The two last film-festivals I attended screened intriguing documentaries that didn’t seem to follow any previous ideas of a narrative. These films are Untitled (2016) directed by Michael Glawogger and Monika Willi, screened at the Berlin Berlinale and Cameraperson (2016) directed by Kirsten Johnson, screened at Stockfish, Reykjavík, Iceland. Both films offered something new to documentary filmmaking and montage, something I will call a non sequitur montage.
Untitled is a documentation of the filmmakers’ aimless drift from one country to the next, where he “seeks to create an image of the world that can only be made if you don’t follow a topic, try to judge or pursue a particular aim. It’s about allowing oneself to drift along, propelled by nothing except your own curiosity and intuition.” (Michael Glawogger) In line with the Situationist’s dérivé, the unplanned journeys through urban landscapes in the late 1950s, we travel with Glawogger through one beautiful scene after the other and explore the Balkans, Italy, North and West Africa where he tragically fell ill from Malaria and died. After his death, his editors stringed the scenes together remaining true to his ideas and using quotes from his journal and field notes, Glawogger include him in the journey.
Kirsten Johnson’s Cameraperson is also a one person’s journey. This time we go on a journey through Johnson’s 25 year career as a cameraperson on a vide range of different documentary film projects all over the world. The film is a constellation of her personal audio-visual archive shot on these projects. The scenes she presents to the audience did not end up in the respective films, but remained in her heart and mind as the years passed. The scenes takes the audience from one place to the other, and sometimes back again, as well as moving between various themes and approaches. Johnson’s selection of scenes from her archive feels like a “favourite” collection of her work, as each scene mediating something special, powerful and thought provoking.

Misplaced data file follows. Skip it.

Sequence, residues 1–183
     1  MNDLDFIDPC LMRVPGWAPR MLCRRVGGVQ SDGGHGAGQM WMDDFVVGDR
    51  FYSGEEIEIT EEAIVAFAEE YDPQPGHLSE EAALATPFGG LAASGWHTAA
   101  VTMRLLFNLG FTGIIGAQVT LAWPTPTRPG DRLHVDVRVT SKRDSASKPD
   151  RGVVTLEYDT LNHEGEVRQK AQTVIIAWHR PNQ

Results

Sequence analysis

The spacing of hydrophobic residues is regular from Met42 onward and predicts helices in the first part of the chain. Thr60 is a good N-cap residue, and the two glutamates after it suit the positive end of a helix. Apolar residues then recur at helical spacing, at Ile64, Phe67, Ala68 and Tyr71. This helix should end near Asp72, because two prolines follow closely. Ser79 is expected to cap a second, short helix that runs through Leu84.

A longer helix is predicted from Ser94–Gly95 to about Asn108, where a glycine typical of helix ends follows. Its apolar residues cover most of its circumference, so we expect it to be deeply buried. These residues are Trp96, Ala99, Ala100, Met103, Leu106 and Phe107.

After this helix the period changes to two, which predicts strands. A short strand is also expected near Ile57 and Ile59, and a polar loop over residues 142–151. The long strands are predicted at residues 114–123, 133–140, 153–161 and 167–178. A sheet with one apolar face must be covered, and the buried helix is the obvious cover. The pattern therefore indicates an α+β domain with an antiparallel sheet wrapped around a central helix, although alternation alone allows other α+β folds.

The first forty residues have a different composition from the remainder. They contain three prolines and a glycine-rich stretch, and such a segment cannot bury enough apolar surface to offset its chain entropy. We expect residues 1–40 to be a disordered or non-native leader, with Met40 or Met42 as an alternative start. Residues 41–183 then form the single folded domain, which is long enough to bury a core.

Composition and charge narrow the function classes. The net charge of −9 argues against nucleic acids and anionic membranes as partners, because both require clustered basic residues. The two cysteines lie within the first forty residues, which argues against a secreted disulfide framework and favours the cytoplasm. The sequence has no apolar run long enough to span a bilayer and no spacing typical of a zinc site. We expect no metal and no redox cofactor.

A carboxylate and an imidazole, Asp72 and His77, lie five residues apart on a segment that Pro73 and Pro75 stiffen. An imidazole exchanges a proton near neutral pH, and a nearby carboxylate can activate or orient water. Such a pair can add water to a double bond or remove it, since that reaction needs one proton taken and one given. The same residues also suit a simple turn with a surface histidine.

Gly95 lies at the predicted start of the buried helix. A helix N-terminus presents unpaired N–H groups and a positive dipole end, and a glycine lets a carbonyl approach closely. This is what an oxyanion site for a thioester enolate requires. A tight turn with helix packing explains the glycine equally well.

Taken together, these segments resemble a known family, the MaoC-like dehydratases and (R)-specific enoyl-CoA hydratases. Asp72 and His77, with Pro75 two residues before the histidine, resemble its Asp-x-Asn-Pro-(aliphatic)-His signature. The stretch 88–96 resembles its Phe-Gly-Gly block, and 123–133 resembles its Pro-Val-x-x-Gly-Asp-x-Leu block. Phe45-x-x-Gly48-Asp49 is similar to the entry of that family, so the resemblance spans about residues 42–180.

It is not the visual montage that is new. Chris Marker’s poetic San Soleil (1983) and Ron Fricke’s fusion of image and sound in Baraka and Samsara (1992, 2011) are beautiful examples of how a film’s narrative is not dependent on a coherent visual thread. A traditional narrative, one that has a linear story from beginning to the end, each scene as “a chain of events in a cause-effect relationship occurring in time”, does not apply here. But there is non-the-less a narrative in all three, however experimental it may be. In Marker’s film the narrative emerges with a beautiful story-voiceover and Fricke’s narrative is formed by inviting the audience on a dramatic and emotional journey.
The two recent films are divided up in chapters that are best described as filmic poetry, both visually and ideally. But between the chapters there is a complete rift. There is no continuity from one chapter to the other. The chapters are what is called non sequitur, directly translated from Latin as ‘does not follow’. This means that each chapter or scene would be apparently independent of the previous one. The non sequitur structure is generally used in comedy for the humorous affect, to make things sound absurd, which is not at all the case in these two documentary films.